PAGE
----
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How to Tackle the SAT/ACT by a Self Studying 36 Scorer

Updated: Feb 10

The kick-off article for AlumniAngles. If you have advice on an area of expertise or experience you want to share about, sign-up to write an Angles article here.


The SAT and ACT are ominous terms that we’ve heard across the board - from books to TV shows - and they are always referenced as something that causes stress and something that is extremely difficult. Students are trapped by this narrative, that the SAT or ACT is “impossible” and that you need professional help to tackle it. Students are also promised admissions into prestigious colleges as a result of high scores. None of these things are true.


By definition, a standardized test is something that has to have a predictable pattern. The test has to be equitable along all instances of it, so it must follow a formula. This is what corporations like the Princeton Review, Kaplan, and Barrons have realized, and it is why their strategies work. However, no one knows the test as well as someone who took it a few months ago, used no formal help other than textbooks, and developed their own strategy and routine. Additionally, as a fellow student, it suits you to listen to me, since I know about high school schedules, and difficulties that high schoolers face better than any faceless corporation. And finally, I get no incentive if you listen to me. Corporations get money, I simply get the satisfaction of helping you. I want to start a free small group to help students prepare their way to a perfect score. If you are interested in joining, please fill out this form. For now though, read the article…


In this article, I will walk you through how to generate your self-studying plan. Onward!!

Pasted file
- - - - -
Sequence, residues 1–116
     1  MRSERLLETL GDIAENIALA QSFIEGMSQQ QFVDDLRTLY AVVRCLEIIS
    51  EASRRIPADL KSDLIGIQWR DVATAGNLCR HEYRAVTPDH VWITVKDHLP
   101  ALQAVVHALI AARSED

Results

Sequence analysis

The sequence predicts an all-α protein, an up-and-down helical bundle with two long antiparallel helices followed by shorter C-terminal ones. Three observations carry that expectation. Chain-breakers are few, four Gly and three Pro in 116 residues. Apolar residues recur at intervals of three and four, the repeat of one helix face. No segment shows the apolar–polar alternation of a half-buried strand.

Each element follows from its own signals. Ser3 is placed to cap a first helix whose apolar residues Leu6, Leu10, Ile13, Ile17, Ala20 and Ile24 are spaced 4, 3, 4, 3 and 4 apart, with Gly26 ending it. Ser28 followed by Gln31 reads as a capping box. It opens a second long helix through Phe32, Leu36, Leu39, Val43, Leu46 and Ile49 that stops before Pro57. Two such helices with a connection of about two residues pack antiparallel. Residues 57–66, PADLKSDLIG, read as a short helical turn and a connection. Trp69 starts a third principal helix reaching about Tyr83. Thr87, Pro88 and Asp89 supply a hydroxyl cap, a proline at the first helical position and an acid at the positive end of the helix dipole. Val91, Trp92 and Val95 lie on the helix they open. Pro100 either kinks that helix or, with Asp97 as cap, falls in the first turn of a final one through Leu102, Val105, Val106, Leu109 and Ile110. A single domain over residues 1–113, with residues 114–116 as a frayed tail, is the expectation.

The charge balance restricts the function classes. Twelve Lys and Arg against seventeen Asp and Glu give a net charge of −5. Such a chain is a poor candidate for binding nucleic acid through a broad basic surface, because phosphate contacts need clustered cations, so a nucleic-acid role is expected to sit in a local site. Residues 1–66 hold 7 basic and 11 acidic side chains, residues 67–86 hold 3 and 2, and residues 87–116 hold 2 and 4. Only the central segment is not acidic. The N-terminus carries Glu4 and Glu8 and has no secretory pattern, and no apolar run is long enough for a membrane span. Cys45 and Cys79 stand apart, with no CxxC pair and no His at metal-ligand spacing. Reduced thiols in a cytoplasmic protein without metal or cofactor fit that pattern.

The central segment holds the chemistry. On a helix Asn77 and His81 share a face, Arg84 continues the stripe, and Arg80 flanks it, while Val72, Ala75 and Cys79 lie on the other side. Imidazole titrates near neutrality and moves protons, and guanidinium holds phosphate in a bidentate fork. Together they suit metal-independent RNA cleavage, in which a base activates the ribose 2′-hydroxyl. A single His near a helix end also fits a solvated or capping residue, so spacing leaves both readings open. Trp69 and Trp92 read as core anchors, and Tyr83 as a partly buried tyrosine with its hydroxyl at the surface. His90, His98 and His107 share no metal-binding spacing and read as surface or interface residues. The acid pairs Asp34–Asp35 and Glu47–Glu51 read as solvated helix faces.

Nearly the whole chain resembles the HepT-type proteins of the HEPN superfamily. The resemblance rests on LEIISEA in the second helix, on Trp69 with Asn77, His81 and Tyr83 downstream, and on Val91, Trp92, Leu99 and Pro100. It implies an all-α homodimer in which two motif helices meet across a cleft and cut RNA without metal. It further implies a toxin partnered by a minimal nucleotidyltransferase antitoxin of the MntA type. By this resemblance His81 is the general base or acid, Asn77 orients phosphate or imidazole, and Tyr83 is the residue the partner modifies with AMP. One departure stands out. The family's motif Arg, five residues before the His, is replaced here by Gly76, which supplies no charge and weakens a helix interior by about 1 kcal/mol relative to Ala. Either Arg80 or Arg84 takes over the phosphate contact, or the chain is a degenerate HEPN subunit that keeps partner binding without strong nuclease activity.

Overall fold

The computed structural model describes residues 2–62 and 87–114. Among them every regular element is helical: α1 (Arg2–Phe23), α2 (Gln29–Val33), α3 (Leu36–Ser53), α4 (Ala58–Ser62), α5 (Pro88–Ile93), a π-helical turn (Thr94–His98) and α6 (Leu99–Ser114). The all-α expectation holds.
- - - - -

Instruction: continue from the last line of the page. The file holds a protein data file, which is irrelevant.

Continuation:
Step 1. Determine what test you want to take.

Or more accurately, which test you are best suited to take. This is not as black and white as many prep books and corporations make it seem and is often not given enough consideration by the test taker. The common indicator is if you are a “reading person” you should take the ACT and if you are a “math person” you should take the SAT. Lies. I am the president of the Math Club, and the ACT was the test for me. Here is the real way to determine if you should take the SAT or ACT:


For context, the SAT has 2 Math sections, a Writing/Grammar section, and a Reading section. The ACT has a Reading section, a Writing/Grammar section, a Math section, and a Science section (which is really just a glorified reading section).

  • Determine whether you have strong reading comprehension

  • It is true that there are more “reading” based sections of the ACT, and while you do not necessarily need to be a literary enthusiast, if your comprehension is not strong you may struggle.

  • Determine if you have strong math skills

  • If you do not have strong math and problem-solving skills, getting a mediocre score on two easier math sections might be better than getting an atrocious score on the more difficult singular ACT section.

  • Are you a fast worker?

  • If you work fast, have a good amount of stamina, and would prefer more easy questions, the ACT is the way to go. If you would prefer to take your time on fewer but harder questions, shoot for the SAT.

  • Do you make silly mistakes?

  • If you do, not to worry, you can miss 1 - 5 questions on the ACT and still get a perfect score. On the SAT you can miss 1 maybe 2 if you are lucky to get a perfect score. The ACT is more forgiving of silly mistakes, but the questions are more than the SAT.

  • Yes, the curves are real.